I-Am-All-Girls

“I Am All Girls” is poignant but the mystery is lost too quickly

Many stories have been told about the ills of the apartheid era in South Africa with the dominating theme being segregation. However, “I Am All Girls” delves into a different the issue. The mystery thriller is a disheartening story about child abuse and human trafficking. And it is made even more poignant by the fact that it is based on true events.

The film is set in post-apartheid South Africa and the cast includes Erica Wessels in the lead role as detective Jodie Snyman, Deon Lotz better know for his role in Mandela: Long Walk to Freedom; Mothusi Magano and Hlubi Mboya who portrayed Nandipha Sithole in the soap opera Isidingo.

As detective Jodie tries to uncover some mysterious killings, she discovers that the deaths are linked to a long running child-trafficking ring. The investigations reveal that the events which led to the deaths occurred in the 1990s leading her to a human trafficking syndicate.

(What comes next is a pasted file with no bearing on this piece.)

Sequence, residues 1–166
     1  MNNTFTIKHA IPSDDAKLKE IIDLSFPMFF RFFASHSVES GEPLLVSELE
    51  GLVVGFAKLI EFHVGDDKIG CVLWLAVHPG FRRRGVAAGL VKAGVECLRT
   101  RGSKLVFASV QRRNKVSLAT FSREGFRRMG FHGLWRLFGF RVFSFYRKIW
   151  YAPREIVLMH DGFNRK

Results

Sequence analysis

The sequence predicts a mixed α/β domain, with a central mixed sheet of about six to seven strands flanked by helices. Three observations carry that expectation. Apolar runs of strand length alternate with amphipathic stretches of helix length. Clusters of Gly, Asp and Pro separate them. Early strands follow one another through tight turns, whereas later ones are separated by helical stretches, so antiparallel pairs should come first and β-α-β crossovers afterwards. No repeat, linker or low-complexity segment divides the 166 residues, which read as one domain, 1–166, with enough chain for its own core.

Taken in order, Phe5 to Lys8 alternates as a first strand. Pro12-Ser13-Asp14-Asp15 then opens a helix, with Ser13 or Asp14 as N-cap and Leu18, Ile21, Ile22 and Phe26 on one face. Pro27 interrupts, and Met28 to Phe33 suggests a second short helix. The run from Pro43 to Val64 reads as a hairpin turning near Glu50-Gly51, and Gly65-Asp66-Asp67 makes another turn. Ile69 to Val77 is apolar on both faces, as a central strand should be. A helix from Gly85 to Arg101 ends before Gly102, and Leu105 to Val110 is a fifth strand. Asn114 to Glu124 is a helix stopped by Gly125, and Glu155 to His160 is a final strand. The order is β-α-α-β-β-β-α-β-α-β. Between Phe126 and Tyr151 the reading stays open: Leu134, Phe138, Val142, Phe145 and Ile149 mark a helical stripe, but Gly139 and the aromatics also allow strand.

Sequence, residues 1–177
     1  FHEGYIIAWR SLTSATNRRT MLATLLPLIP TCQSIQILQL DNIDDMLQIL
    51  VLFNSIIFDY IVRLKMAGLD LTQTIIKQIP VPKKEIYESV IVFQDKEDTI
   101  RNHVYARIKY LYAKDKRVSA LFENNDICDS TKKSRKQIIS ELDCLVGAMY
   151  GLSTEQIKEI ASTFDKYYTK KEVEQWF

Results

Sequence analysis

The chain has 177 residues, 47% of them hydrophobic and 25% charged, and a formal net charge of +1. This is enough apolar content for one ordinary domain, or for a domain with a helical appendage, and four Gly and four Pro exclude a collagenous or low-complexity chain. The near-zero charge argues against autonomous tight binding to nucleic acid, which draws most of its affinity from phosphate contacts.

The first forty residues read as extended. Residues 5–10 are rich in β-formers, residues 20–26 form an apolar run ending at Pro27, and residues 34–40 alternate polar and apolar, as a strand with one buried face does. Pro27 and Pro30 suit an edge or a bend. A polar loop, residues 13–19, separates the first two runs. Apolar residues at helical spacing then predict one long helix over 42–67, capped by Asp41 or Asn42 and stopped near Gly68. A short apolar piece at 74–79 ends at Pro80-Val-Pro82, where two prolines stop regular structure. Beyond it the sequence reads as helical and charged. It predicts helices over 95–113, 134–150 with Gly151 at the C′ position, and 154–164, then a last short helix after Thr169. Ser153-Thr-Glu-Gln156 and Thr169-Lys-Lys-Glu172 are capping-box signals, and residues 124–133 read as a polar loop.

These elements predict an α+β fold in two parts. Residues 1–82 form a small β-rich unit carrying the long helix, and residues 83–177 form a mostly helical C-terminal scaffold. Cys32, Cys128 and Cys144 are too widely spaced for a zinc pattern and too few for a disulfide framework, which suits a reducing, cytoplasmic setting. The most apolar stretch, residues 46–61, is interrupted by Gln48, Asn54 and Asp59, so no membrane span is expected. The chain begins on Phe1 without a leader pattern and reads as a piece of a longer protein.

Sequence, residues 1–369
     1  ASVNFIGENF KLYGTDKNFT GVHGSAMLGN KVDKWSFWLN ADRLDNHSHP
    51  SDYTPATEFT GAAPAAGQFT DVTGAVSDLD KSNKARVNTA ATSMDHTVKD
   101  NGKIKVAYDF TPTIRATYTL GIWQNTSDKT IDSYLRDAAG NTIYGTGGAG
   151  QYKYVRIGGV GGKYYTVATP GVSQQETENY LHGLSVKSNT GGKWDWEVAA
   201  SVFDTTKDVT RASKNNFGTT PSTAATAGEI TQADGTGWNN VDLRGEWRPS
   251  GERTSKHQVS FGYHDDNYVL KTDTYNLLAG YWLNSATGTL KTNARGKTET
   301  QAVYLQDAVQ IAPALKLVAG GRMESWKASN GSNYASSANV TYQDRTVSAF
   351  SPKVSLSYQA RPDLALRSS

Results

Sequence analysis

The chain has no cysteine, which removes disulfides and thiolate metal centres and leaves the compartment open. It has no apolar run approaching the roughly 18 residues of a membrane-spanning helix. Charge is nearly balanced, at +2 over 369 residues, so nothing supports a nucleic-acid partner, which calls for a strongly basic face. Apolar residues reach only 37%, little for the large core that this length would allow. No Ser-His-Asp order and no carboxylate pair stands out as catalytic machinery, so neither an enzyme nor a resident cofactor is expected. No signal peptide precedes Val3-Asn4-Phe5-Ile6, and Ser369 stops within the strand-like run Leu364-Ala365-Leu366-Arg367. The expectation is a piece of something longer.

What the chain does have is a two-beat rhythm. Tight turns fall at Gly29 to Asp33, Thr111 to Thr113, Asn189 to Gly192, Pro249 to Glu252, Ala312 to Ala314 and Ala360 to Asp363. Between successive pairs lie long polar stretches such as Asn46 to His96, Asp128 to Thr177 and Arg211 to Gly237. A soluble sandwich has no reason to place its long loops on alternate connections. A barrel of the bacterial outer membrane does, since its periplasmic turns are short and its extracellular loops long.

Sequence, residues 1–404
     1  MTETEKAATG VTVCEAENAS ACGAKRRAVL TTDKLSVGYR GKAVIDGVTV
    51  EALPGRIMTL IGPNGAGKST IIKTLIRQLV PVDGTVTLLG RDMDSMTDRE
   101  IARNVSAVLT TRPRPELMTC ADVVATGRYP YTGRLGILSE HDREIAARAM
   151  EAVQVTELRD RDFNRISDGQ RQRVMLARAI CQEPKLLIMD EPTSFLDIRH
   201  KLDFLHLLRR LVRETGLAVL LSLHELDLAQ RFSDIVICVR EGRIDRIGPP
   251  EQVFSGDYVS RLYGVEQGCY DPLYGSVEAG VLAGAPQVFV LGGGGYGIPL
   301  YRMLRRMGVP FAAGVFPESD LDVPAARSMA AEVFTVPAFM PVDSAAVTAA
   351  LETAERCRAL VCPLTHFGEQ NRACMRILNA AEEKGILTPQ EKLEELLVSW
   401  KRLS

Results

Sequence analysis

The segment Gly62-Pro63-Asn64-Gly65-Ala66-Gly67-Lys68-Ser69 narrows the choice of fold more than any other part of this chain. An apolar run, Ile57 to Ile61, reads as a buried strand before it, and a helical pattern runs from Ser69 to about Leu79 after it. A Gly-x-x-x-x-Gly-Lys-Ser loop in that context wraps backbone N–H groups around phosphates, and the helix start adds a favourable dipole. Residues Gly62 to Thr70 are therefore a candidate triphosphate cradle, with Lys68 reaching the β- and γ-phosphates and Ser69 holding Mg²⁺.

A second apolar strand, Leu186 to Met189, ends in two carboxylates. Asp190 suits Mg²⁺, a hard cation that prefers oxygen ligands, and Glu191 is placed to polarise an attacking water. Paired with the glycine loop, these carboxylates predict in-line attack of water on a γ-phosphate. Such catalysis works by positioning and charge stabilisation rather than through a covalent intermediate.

She is able to rescue several children from the very inhumane treatment they had suffered at the hands of their traffickers. However, she is frustrated by the murderer. The murderer seems a step ahead of Jodie every time, and so, out of her grasp. It seems her investigation is compromised and the killer could be someone close. Jodie must damn all consequences to find the killer.

“I Am All Girls” is one of those thrillers that leave the viewer conflicted between choosing self-administered justice over good conscience, and vice versa. The system does not protect victims. The culprits are both powerful and untouchable. Law enforcement agencies are under-funded so resources must be proritised and that means some important cases get overlooked.

The film is also formulaic. The case is closed, the detective is sent on a compulsory holiday but the detective is headstrong and has been consumed by the case so continues with the investigation until they can prove their bosses wrong. Yet, it is emotional and absorbing until the revelation of the villain. The unveiling of the villain to the audience happened too quickly. Consequently, it detracts from the mystery of the story which would have made it much more enjoyable. Nonetheless, “I Am All Girls” is a worthy-watch. You should check it out on Netflix.

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About the author

A lover of the arts who sees film and television through the eyes of the Nigerian viewer.